There are hundreds of writers out there who relentlessly market the same old manuscript to dozens of editors, sometimes simultaneously, instead of admitting to themselves that their manuscript needs work before it will sell. The only way they’re going to know that is if the editor they submit to makes the decision to offer an honest assessment of the manuscript, even if that honesty comes in the form of a single sentence. Don’t look at it as rejection; look at it as constructive criticism. When an editor takes the time to point out the problems with your manuscript, learn from that. Do not continue to make the same mistakes over and over ’til death do us part.

BARBARA: Could you talk a little about Sam’s Dot Publishing (SDP) and its current projects?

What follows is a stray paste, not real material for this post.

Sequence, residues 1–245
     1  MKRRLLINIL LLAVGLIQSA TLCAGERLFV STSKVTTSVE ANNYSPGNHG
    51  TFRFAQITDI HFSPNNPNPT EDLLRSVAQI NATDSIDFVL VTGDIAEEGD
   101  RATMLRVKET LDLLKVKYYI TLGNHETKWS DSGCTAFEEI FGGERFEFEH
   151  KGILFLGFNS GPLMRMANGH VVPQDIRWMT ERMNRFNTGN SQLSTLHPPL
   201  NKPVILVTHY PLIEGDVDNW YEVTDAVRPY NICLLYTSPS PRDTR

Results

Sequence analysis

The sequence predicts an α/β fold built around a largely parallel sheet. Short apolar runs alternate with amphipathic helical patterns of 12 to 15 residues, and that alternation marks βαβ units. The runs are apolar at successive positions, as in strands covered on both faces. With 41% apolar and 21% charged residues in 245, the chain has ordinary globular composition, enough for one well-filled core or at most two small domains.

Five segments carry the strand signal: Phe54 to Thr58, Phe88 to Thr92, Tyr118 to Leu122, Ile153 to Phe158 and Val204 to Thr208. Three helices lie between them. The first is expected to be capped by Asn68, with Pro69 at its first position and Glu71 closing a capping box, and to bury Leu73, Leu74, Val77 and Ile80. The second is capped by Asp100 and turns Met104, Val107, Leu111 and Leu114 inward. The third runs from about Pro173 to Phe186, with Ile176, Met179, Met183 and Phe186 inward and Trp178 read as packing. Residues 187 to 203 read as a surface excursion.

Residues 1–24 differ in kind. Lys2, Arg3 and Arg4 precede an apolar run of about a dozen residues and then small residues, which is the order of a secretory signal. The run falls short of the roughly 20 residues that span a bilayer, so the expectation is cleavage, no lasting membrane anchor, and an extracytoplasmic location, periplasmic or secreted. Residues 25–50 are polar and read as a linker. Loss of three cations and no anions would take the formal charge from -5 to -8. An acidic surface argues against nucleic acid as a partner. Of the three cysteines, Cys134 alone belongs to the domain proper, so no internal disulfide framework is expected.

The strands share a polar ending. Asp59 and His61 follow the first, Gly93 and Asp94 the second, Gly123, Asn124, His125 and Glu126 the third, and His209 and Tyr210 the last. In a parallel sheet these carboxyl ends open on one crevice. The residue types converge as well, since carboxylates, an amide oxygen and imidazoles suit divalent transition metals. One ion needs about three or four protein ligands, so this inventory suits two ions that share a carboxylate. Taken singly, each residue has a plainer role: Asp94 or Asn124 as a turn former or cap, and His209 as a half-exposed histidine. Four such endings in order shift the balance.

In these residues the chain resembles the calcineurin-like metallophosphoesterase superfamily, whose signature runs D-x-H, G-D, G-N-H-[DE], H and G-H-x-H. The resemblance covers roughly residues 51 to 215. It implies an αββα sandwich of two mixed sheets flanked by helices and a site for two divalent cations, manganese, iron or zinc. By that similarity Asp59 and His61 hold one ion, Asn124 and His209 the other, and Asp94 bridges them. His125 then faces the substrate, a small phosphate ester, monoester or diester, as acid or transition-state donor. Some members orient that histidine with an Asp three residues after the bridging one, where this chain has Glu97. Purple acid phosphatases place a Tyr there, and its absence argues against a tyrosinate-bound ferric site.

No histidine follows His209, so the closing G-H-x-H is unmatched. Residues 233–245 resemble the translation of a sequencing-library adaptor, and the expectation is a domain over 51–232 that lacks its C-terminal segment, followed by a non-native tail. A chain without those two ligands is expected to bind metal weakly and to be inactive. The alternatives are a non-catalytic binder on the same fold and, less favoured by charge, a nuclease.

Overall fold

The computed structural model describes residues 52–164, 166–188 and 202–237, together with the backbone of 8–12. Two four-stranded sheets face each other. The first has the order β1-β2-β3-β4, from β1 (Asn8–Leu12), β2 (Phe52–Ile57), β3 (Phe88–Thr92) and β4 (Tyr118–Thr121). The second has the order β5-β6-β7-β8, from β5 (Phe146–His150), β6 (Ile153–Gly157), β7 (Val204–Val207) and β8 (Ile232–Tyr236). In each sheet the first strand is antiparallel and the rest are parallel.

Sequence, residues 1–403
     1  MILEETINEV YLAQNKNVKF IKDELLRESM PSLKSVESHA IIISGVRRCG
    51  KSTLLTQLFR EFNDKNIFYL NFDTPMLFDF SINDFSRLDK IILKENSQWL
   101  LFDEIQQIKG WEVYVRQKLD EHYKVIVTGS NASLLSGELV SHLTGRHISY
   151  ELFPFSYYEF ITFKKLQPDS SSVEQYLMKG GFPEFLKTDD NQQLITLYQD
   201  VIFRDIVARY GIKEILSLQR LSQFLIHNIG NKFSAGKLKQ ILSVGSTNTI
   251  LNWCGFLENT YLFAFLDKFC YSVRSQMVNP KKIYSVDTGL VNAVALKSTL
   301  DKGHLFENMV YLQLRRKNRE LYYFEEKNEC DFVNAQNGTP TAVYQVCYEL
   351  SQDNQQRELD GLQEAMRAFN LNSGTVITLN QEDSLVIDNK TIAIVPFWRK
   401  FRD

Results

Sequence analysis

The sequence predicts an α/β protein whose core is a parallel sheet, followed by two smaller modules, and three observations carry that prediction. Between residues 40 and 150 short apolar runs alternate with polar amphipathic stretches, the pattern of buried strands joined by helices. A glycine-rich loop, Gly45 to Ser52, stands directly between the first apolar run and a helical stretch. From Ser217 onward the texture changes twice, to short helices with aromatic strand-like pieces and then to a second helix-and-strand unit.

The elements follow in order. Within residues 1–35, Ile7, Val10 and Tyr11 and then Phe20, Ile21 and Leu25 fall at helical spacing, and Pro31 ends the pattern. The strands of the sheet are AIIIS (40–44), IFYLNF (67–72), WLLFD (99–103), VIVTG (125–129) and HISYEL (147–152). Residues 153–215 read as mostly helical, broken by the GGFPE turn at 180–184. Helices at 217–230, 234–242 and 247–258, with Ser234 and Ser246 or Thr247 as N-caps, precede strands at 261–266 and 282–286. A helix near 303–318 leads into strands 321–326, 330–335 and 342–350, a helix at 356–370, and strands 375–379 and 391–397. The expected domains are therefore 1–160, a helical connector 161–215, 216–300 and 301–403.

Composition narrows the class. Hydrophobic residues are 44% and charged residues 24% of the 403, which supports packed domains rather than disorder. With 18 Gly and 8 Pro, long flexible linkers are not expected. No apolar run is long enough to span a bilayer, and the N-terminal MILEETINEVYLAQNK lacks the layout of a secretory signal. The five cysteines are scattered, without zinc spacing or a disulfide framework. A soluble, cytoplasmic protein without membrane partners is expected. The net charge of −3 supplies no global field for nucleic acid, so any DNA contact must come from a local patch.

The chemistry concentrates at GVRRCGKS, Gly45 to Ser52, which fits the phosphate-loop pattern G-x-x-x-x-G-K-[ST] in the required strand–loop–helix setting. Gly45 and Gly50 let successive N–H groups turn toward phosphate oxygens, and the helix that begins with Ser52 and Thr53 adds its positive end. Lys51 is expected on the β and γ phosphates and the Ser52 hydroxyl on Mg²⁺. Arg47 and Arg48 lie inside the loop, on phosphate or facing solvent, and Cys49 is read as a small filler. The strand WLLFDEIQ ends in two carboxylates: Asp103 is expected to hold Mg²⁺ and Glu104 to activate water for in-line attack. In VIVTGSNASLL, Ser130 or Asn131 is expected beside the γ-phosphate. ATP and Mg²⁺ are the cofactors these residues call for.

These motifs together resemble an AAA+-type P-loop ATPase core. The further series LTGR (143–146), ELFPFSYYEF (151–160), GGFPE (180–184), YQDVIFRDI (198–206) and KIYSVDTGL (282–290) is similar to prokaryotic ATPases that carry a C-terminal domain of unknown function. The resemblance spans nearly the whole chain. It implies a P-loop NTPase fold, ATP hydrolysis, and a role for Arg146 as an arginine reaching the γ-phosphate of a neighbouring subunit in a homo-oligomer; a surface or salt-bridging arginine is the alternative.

CATHY: Sam’s Dot Publishing (SDP) is owned and operated by Tyree Campbell, who took over all responsibilities and changed the company name when James B. Baker of ProMart Publishing passed away. Mr. Baker had many admirable goals, but the one that meant the most to him was to publish and promote new talent. Mr. Campbell has carried on in this tradition and has expanded the numbers and the kinds of publications produced each year. He publishes upcoming artists and writers alongside the pros. We have several editors on staff, and we take pride in the publications we produce. The novels, anthologies, and magazines have in recent years progressed to perfect bound publications, most with full colour covers. I’m responsible for the editing of Champagne Shivers, Expressions, the Potter’s Field anthologies, and the Side Show 2: Tales of the Big Top and the Bizarre anthologies. We have a special guidelines page on the SDP website where all of our projects are listed along with our pay rates: http://www.samsdotpublishing.com/guidelines.htm